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When any list of the all-time Chelsea FC greats is prepared both Frank Lampard and Didier Drogba will feature prominently yet the pair are clear that they want to make history rather than be weighed down by it – which requires them to defeat FC Bayern München.
The four years since Chelsea dramatically lost the 2008 UEFA Champions League final in Moscow to Manchester United FC have been packed with incident and triumph for the club. But in the moments when the English midfielder and the rampaging Ivorian striker were asked to recall leaving Russia without the trophy, it was as if the defeat was yesterday.
Lampard, Chelsea's goalscorer on that rainy night four years ago, explained: "The experience in Moscow isn't something which is traumatic every day. As a footballer you learn you can't win everything but you have to learn to take positives from defeat. In Moscow we went through a feeling of real disappointment and we have to use that to inspire us to win this year. You saw the way we celebrated in Barcelona [after the semi-final second leg] – that was because we are so pleased to have another opportunity to win this tournament."
Drogba's burden from Moscow was perhaps even heavier after his dismissal late in extra time, meaning he was a helpless onlooker for the ensuing penalty shoot-out. "That was a difficult moment for me and for the club," he said. "It's a memory I can't forget, but it's the past. I am only looking at tomorrow and I'm very happy to be in a Champions League final again. We learned a lot from the first final. I hope this one is going to be great for us."
The last time these sides met, in the 2005 quarter-finals, Chelsea prevailed 6-5 on aggregate with Drogba and Lampard both scoring in a 4-2 first-leg triumph at Stamford Bridge and then in the 3-2 Olympiastadion reverse. Perhaps that offers hope to a side who face the first team to contest a UEFA Champions League final in its home stadium, although Lampard, who will captain Chelsea in place of the suspended John Terry, is unconcerned about the additional test that poses.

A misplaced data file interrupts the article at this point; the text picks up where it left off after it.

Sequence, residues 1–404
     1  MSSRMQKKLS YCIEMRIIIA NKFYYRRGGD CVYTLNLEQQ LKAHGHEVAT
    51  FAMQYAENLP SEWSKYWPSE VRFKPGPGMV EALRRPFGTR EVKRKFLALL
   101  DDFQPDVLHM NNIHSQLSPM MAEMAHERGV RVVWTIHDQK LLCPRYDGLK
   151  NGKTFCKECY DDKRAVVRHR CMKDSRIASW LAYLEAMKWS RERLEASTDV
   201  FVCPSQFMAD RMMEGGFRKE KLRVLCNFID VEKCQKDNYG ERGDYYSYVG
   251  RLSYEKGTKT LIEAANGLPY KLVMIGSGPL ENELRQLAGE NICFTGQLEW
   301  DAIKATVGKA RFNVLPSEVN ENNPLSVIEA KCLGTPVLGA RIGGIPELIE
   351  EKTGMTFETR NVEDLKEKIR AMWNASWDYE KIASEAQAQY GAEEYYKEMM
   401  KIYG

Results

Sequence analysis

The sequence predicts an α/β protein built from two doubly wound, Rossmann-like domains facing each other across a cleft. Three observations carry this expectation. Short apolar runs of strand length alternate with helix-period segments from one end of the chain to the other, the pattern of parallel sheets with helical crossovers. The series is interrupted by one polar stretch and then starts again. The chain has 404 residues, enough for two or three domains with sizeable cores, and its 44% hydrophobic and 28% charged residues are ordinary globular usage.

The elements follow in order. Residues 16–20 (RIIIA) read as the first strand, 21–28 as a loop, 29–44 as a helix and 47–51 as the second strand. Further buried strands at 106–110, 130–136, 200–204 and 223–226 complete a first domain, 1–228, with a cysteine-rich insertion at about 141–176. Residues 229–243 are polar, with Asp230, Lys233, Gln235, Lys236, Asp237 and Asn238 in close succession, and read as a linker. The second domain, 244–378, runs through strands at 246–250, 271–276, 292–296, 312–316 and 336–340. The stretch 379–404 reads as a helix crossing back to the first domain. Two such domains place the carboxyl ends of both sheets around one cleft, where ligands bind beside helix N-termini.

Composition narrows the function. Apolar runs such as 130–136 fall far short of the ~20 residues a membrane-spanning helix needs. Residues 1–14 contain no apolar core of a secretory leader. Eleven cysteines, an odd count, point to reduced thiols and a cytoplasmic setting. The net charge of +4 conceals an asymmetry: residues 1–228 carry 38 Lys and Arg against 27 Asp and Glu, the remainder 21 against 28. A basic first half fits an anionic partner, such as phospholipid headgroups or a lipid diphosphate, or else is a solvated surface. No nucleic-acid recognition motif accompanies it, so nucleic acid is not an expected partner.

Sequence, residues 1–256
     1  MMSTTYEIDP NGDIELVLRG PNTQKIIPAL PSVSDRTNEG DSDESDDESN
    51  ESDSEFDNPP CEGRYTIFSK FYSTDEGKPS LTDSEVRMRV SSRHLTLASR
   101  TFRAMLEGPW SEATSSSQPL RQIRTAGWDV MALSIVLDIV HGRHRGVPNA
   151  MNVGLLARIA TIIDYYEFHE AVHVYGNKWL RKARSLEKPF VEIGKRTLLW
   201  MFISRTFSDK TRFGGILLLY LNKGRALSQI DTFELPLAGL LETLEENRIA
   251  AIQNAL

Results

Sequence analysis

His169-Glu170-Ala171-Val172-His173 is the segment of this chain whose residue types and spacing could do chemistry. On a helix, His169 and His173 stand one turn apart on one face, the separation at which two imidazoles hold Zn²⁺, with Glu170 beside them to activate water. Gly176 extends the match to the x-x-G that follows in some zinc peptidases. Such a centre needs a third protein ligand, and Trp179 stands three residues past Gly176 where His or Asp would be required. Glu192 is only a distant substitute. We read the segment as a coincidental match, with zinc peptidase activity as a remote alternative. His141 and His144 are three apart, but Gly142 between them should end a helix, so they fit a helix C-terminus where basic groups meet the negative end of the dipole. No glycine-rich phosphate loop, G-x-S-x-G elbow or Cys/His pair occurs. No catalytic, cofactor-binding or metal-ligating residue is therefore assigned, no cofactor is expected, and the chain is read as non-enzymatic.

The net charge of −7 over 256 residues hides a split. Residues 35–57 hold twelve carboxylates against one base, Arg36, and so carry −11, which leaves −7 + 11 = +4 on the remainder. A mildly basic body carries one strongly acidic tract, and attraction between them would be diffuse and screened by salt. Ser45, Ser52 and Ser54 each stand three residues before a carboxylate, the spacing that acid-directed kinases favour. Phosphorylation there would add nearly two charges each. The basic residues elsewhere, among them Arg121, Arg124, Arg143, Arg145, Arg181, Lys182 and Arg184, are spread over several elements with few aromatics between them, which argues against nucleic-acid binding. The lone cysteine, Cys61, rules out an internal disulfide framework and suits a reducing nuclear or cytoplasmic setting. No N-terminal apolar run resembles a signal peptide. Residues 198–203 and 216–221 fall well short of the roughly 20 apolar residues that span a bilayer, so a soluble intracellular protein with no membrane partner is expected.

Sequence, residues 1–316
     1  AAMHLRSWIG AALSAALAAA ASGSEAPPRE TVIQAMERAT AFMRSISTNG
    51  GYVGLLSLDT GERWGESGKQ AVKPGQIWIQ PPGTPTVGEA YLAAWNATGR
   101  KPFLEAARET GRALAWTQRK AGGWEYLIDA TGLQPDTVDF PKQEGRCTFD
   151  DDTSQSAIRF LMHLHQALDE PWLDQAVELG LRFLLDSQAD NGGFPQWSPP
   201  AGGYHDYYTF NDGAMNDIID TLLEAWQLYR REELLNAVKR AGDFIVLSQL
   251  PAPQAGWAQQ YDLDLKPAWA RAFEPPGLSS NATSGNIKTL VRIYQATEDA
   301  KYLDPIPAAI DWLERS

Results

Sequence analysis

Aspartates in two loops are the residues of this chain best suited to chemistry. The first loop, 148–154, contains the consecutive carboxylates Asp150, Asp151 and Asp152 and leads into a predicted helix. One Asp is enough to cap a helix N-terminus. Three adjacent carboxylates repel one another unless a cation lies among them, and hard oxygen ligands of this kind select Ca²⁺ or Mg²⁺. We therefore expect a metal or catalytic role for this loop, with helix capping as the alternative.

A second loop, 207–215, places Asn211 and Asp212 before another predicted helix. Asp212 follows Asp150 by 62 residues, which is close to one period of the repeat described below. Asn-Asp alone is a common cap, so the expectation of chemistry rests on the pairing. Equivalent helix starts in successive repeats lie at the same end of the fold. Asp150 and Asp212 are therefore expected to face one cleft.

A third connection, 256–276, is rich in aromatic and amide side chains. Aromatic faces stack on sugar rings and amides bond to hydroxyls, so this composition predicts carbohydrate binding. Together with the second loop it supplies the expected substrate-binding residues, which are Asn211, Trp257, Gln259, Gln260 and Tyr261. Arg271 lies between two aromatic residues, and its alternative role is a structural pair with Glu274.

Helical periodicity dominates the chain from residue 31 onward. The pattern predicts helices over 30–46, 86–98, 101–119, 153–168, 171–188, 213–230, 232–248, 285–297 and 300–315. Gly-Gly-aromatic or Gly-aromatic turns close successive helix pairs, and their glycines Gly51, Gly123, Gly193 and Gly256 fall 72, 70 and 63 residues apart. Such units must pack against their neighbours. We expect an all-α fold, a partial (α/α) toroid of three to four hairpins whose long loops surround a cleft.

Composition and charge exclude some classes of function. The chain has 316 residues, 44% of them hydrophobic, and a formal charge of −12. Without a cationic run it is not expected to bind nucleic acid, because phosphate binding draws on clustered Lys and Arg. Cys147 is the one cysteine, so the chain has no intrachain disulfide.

"The atmosphere has already been amazing as we travelled from the airport to our hotel and then to training," the midfielder said. "[Bayern] have an advantage, to play on the pitch they are used to, to change in the same dressing room as always and to have the city behind them. You can play about with exactly how much of an advantage it is but I think it's brilliant for us. If you are an underdog that's a motivation and if you really believe in yourself it can be a great boost."
The affection in which Chelsea owner Roman Abramovich holds the competition is no secret, although Lampard revealed the Russian had not yet been in touch. "The general message is always there," he said. "Without everything he's put into the club, we wouldn't be here.
We need to win to qualify for next season's tournament but there are not many times you get to a final and the whole idea is simply to win it."
Chelsea have come back strongly since Roberto Di Matteo replaced André Villas-Boas at the start of March, although Drogba is realistic to know that how the campaign will be perceived depends largely on the result in Munich. "
It has been a difficult season but if we win everyone will say it's a fantastic one. They'll only remember that we won the cup."
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